SoCalGas said it always operates in compliance with public safety regulations. And before the leak, the company had submitted plans to the state's Public Utilities Commission for a $30m annual programme to upgrade its storage infrastructure. Matt Pakucko, president of the community group Save Porter Ranch, said: "The more we find out about how ancient and deteriorating this facility is - from the company's own documents - the more it becomes clear that this was almost inevitable." It is a problem repeated across the US. In California, which has some of the world's most ambitious emissions reduction plans, Mr O'Connor said he wants a review of natural gas regulations, to prevent and better manage any future methane leaks. Shortly before flying to Paris to attend the United Nations climate change conference in November, LA's mayor, Eric Garcetti, visited Porter Ranch to see - and smell - the leak. "This is an environmental disaster," he said, adding: "It makes you question the sustainability of a carbon-based power system."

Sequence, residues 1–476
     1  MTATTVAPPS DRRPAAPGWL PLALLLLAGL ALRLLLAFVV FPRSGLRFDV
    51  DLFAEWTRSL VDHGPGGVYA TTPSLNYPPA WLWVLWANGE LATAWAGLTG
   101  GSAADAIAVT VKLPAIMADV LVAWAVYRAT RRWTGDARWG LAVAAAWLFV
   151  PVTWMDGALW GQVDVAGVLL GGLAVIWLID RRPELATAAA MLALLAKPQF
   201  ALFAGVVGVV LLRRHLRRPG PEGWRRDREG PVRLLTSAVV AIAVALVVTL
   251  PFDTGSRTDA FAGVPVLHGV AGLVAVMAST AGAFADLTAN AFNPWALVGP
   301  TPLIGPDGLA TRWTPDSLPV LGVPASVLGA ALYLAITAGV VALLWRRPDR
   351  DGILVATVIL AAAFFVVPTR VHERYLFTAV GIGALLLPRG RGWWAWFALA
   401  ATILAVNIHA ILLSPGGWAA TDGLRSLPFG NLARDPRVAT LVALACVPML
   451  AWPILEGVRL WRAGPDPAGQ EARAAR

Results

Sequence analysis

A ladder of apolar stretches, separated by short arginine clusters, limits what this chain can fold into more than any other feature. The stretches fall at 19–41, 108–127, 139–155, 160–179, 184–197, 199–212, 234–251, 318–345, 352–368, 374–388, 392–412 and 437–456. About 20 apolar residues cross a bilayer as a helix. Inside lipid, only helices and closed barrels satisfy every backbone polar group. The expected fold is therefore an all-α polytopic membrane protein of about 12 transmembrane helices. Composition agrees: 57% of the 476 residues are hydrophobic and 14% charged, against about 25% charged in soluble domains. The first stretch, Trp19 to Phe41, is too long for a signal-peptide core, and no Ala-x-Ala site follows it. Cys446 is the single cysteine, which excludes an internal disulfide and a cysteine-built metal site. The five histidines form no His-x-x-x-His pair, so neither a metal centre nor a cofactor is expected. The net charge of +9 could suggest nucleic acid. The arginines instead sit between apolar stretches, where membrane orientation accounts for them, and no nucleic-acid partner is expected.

More than 2,000 residents of the small town of Porter Ranch, California have been evacuated, reports CBS News, after a torrent of methane gas leaking from a nearby storage facility has inundated the town. "I can't work in here, I can't breathe in here sometimes," music producer Matt Pakucko, who works from his Porter Ranch home, told CBS. "When that wind blows off that hill, it comes down the fire place," said Pakucko. Since October, the gas has been spilling out of a former oil field-turned-storage site owned by Southern California Gas Company at the rate of 70,000 pounds per hour, CBS reports, equal to roughly a quarter of the state's methane emissions. Residents knew something was wrong when they kept getting sick. Headaches, nosebleeds, nausea and other issues were reported by the locals of this town located in the San Fernando Valley region northwest of Los Angeles. At times, they even smelled rotten eggs, some residents told CBS Los Angeles. The leak was confirmed when lawyers filmed the area using an infrared camera, which showed the gas as it hovered over Porter Ranch. Skies were clear at the time of the tests, they said, strengthening their claims. "The video looks like something out of a science fiction horror movie," Brian Panish, one of the lawyers who helped bring the issue to light, told NBC L.A. So far, more than 6,500 families have filed for help, CBS reports, but only 1,700 homes and two schools have been evacuated. The leak is expected to be fixed by March, CBS reports. To fix the problem, the gas company drilled a relief well nearby. Using magnetic technology, workers have located the leaking well more than 3,000 feet below ground. Now they have to drill another 5,000 feet, where they'll intersect the faulty well and pump it with mud, water and cement to stop the leak. "Once the leak is stopped we will be able to evaluate what caused the leak and we will be able to evaluate how much natural gas escaped," said So-Cal gas spokesman Mike Mizrahi. Residents received support from environmental activist Erin Brockovich, who lives just 20 miles southwest in Agoura Hills, the L.A. Daily News reported. She hosted a community meeting that was attended by more than 2,000 Porter Ranch residents who were looking for answers. "I feel compelled to be here and to help my neighbor," she said during the meeting. "I certainly understand your plight and that we all have so much in common." The meeting came just days after Los Angeles City Attorney Mike Feuer said he'd sue the Southern California Gas Company, CBS L.A. reported. He's seeking a judge's order for the gas company to quickly seal the leak that was first reported more than seven weeks ago, the report added. Feuer also wants the company to be fined for releasing a greenhouse gas into the air, which could damage the environment, in addition to sickening residents. But there's also a proposed class-action lawsuit against SoCal Gas from the citizen group Save Porter Ranch, which has stated Feuer's lawsuit wasn't harsh enough, CBS L.A. also reported. "They're being really nice," group president Pakucko told CBS L.A. "We have an environmental disaster here and they're tiptoeing nicely." In the meantime, the leak has made Pakucko so sick, he's had to move out, CBS reports. "It's a new way of life now. We can't live in our homes. I mean, how much worse does it get?"